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(This post is going to be tedious; I should add that it’s mostly for me, but I hope it helps illustrate my mention of “complicated dietary considerations” in my “About” entry.)

When my daughter was discharged from the hospital, she was being treated for three things: low birth-weight, hyperbilirubinemia, and acid reflux. She ate every three hours, so there were eight feedings a day. Twice a day we mixed a prescription form of vitamin A into her bottles–it turned the milk bright orange and was a bugger of a stain to remove when it came back up. Every five hours (or every other feeding), we mixed a few drops of a compounded medication (Actigall) into about 10 ml of a formula concoction and administered the solution at the beginning of each feeding to ensure that she had finished all of the medicine–in other words, two teeny tiny bottles at every other feeding.

Okay, so here’s where it gets crazy:

Her bottles were one part fortified breast milk (or HBM, as my notes have it) and one part Enfamil Acid Reflux. The Enfamil we made as directed; the fortified HBM was a bit trickier. For every freshly pumped or thawed 180 ml of HBM, I added a half scoop of Similac Expert Care NeoSure in order to bump the calories of HBM up to 24 (HBM is typically 20 calories without fortification). Once that was mixed, I combined it with the Enfamil A.R., part and part.

Oh, and one more thing: at that time, my daughter was consuming approximately 35-45 ml of fluid during each feeding. Which meant we had to make everything in batch. Which meant we had to pay careful attention to the expiration dates. Freshly pumped HBM can sit at room temperature for 2-4 hours. Refrigerated HBM is good for about 48 hours; refrigerated fortified HBM is good for about 24 hours. Straight-up formula is good for about 5 days (according to our hospital team), but is only good for about 24 hours when mixed with fortified HBM. Oh, and because HBM can be frozen for up to 3 months, we had to make sure we were cycling through the oldest bags first.

Every ml of HBM was precious–“liquid gold” our hospital team had called it–so we were very careful about how much we thawed each day–by that time, I was hardly producing an ounce a day, so it wasn’t like I could just make more of it. Furthermore, watching her spit it all up again after each feeding was awful. She was visibly uncomfortable, but unable to keep down those little calories she very much needed. Her acid reflux grew steadily worse, and of course I blamed myself for it, because in the two weeks before discharge, I had mused to our doctors that three different medications sounded complicated, so maybe we could try something else to whittle it down to two.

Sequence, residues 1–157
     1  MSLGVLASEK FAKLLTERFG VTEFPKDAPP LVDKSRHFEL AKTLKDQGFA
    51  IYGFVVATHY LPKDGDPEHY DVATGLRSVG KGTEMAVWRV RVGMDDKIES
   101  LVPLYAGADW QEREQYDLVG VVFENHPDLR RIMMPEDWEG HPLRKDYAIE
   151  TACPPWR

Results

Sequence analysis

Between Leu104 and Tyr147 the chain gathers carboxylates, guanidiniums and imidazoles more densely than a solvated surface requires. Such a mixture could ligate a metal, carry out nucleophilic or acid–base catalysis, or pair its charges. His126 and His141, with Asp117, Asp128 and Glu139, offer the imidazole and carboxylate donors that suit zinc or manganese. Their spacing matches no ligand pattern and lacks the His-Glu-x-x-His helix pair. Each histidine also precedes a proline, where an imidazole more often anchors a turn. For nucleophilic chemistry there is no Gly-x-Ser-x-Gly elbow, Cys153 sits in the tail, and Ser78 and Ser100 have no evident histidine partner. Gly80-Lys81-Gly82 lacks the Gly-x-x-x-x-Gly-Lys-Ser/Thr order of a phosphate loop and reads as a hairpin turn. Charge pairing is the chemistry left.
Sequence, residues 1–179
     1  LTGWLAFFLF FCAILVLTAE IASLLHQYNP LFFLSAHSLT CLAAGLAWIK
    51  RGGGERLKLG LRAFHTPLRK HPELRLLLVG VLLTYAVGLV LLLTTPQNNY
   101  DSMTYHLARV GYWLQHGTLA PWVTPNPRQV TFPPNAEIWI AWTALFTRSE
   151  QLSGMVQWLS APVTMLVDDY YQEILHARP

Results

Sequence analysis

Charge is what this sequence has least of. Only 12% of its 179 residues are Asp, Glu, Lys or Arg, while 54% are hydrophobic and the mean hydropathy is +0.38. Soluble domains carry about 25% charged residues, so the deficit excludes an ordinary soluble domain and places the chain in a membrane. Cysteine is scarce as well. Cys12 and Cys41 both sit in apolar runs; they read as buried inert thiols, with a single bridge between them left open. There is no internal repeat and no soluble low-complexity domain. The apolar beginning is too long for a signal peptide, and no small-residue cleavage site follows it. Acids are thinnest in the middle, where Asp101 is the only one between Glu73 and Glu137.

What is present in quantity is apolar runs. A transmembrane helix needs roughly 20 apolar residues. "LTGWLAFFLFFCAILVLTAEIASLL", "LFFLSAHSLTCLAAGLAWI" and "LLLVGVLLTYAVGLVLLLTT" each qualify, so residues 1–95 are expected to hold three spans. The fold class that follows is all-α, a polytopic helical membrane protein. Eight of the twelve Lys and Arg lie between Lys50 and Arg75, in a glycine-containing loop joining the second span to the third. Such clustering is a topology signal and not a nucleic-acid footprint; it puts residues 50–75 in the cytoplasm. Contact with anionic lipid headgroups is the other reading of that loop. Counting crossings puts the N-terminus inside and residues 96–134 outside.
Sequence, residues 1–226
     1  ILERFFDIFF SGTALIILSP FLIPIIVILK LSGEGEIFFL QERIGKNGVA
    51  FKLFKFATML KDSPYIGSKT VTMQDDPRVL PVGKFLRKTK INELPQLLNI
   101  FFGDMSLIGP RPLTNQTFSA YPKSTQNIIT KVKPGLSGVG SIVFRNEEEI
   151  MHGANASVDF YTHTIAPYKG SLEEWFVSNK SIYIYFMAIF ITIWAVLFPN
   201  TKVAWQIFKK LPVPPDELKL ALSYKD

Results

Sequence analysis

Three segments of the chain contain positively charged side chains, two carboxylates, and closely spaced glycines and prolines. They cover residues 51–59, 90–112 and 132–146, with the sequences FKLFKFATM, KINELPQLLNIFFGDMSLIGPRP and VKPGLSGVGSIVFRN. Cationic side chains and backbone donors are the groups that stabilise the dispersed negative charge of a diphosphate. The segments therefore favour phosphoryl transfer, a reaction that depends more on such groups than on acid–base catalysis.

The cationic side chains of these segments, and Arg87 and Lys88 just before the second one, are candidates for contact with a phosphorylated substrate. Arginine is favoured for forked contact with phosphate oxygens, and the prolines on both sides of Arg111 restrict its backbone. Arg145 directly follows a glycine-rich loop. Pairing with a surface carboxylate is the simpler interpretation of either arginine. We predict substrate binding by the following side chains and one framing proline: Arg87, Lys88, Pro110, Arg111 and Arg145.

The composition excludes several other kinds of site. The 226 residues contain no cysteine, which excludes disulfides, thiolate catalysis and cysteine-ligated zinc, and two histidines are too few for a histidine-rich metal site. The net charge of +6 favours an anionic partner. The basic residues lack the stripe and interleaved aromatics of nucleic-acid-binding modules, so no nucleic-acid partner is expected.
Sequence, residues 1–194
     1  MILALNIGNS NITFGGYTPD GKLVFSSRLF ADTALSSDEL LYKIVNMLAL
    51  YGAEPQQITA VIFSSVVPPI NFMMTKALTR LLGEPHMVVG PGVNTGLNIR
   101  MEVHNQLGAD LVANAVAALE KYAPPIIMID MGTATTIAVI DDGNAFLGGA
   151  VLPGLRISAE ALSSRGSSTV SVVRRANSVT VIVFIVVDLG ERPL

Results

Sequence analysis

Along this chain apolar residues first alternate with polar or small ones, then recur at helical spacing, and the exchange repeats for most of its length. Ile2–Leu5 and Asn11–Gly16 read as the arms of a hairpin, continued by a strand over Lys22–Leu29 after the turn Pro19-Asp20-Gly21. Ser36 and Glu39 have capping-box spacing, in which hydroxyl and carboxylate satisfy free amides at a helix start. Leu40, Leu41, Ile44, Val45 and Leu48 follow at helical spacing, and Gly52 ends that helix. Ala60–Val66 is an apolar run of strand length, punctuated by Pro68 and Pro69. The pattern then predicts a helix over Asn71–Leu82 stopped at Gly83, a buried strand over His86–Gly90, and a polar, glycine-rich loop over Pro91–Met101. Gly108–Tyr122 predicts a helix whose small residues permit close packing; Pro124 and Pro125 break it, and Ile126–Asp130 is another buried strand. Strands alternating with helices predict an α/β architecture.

Yeah.

So three weeks in, I was put-a-fork-in-me done. I mean, on the face of it, the cocktail recipe sounds complicated, but doable, right? Try it at six hours of sleep a day at two hour non-consecutive intervals for twenty days straight. I felt like I had been hit by a truck. So when, on day 21, we checked in with our gastroenterologist, and she asked us how the formula feedings were working out, I nearly burst into tears. “Let’s go back to Prevacid, then.”

And we did. Adding Prevacid (a quarter of a pink tab dissolved with water in a syringe administered twice a day) was the best thing we could have done. It did much more for her reflux than the cocktail did, her appetite improved, and taking one of the two formulas out of the equation made the mixology so much easier.

It wasn’t long after that the other two medications were phased out, and once our supply of HBM ran out, fortified bottles became much more straightforward. When my daughter began eating solid foods, we no longer had to use the Prevacid. By her first birthday, we had transitioned her from NeoSure (which smells like dirty pennies) to PediaSure (which smells like chocolate), and she was quite happy to make that change. The only thing was, the day of her party was the day she decided she no longer wanted to be fed with a spoon…and as challenging as that was, in the grand scheme of things, no biggie, so long as I could sip a glass of wine while we shared a cup of finely chopped blueberries.

Author’s Note: Enfamil A.R. is expensive. NeoSure is expensive. PediaSure is expensive. And Prevacid is immorally expensive.

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